Sam had brain surgery last week. It was an elective operation, in which electrodes were inserted into his brain. These are connected to a battery pack about the size of a cigarette packet on the right side of his tummy. The idea is to try to reduce his dystonia and therefore give him a bit more control over his body. It’s called Deep Brain Stimulation.

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Sam spent a week in hospital after the surgery. He was discharged yesterday and is now back at home – recovering well but still in discomfort. We are relying heavily on paracetamol and films.

We chose for Sam to have this surgery. We entered in to it open-eyed – we knew the risks and we knew it would be hard. We hope that the benefits of reducing Sam’s dystonia, and therefore his disability, will outweigh the pain and disruption of the procedure. We thought hard about whether the gains would be enough to compensate for Sam never again being able to trampoline (in case the wires that now run down his neck snap), and not being able to swim for three months.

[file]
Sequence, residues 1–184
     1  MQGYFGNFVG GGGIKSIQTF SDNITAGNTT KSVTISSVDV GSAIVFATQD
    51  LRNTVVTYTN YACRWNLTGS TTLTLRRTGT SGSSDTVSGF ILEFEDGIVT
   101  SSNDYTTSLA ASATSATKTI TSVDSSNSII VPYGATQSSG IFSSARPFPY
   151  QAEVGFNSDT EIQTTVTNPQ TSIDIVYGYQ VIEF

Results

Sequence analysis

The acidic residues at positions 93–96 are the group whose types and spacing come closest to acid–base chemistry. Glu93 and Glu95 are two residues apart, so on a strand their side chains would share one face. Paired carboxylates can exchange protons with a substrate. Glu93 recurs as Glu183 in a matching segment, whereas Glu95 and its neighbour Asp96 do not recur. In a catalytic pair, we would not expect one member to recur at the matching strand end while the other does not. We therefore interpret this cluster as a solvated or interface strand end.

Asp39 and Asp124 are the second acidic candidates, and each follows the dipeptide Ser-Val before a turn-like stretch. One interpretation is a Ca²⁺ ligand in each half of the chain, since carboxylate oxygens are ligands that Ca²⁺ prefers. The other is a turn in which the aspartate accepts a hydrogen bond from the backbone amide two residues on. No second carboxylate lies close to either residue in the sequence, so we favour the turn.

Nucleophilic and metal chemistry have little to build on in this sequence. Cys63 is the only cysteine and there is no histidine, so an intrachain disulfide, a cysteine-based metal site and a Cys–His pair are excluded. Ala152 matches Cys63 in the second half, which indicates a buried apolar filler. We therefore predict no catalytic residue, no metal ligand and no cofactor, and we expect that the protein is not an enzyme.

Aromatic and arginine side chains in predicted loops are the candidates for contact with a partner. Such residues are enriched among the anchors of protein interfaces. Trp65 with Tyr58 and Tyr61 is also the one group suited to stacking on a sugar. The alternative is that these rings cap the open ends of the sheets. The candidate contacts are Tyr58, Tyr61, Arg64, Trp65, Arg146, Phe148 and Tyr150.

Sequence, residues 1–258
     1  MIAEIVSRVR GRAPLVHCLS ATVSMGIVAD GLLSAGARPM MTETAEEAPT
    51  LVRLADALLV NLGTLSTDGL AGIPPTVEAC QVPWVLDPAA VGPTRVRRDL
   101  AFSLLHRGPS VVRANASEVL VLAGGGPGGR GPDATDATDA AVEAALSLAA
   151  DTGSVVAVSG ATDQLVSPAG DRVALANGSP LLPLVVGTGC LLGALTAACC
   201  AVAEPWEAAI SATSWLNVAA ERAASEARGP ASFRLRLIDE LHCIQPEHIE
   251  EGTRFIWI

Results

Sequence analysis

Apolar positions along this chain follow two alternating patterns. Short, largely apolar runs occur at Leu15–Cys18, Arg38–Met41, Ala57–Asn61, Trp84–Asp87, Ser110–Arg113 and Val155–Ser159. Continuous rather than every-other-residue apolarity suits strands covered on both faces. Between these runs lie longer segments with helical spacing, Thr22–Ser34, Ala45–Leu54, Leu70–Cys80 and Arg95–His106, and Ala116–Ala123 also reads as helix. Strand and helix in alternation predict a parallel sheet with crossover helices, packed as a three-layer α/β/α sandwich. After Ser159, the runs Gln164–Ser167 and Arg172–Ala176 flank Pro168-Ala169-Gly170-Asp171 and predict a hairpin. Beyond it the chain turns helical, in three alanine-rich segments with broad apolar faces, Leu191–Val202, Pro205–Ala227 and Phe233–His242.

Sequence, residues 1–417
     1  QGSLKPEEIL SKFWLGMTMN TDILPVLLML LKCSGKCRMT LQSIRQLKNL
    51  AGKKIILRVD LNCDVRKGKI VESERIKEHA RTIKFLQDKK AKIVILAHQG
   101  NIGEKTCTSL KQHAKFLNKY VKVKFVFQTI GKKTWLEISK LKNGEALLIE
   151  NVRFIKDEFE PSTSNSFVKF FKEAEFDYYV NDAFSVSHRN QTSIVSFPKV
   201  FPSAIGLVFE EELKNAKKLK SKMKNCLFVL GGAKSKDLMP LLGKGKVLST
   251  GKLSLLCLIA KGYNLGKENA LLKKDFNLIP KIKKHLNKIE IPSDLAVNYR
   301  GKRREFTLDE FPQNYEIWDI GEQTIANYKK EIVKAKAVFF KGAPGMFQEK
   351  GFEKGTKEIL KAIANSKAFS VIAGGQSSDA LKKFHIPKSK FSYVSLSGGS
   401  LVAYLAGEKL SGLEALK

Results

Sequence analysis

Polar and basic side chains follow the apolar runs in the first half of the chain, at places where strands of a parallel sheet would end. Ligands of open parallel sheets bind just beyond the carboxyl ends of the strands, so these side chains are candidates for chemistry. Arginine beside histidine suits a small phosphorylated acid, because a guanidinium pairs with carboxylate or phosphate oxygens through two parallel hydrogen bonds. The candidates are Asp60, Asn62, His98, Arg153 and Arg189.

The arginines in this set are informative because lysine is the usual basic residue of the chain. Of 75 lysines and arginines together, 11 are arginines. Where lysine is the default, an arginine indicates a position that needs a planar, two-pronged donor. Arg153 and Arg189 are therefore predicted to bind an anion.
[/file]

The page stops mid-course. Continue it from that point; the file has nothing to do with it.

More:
Having a child go through major surgery and recovery sends you into a hole. The intensity of the emotion and the level of care required is enormous and exceptional.

It feels all wrong to spend your child’s life taking so much care over who looks after them – we have never previously left Sam with anyone except trusted family, carefully chosen carers, at nursery or at school – then leave them with a group of doctors and nurses who you have only just met, and who are going to do unthinkably invasive things to him while he is unconscious. These places are so weird – full of people for whom this is all in a days work, while James and I are reading Sam knock-knock jokes and trying to convince him and ourselves that everything is going to be okay.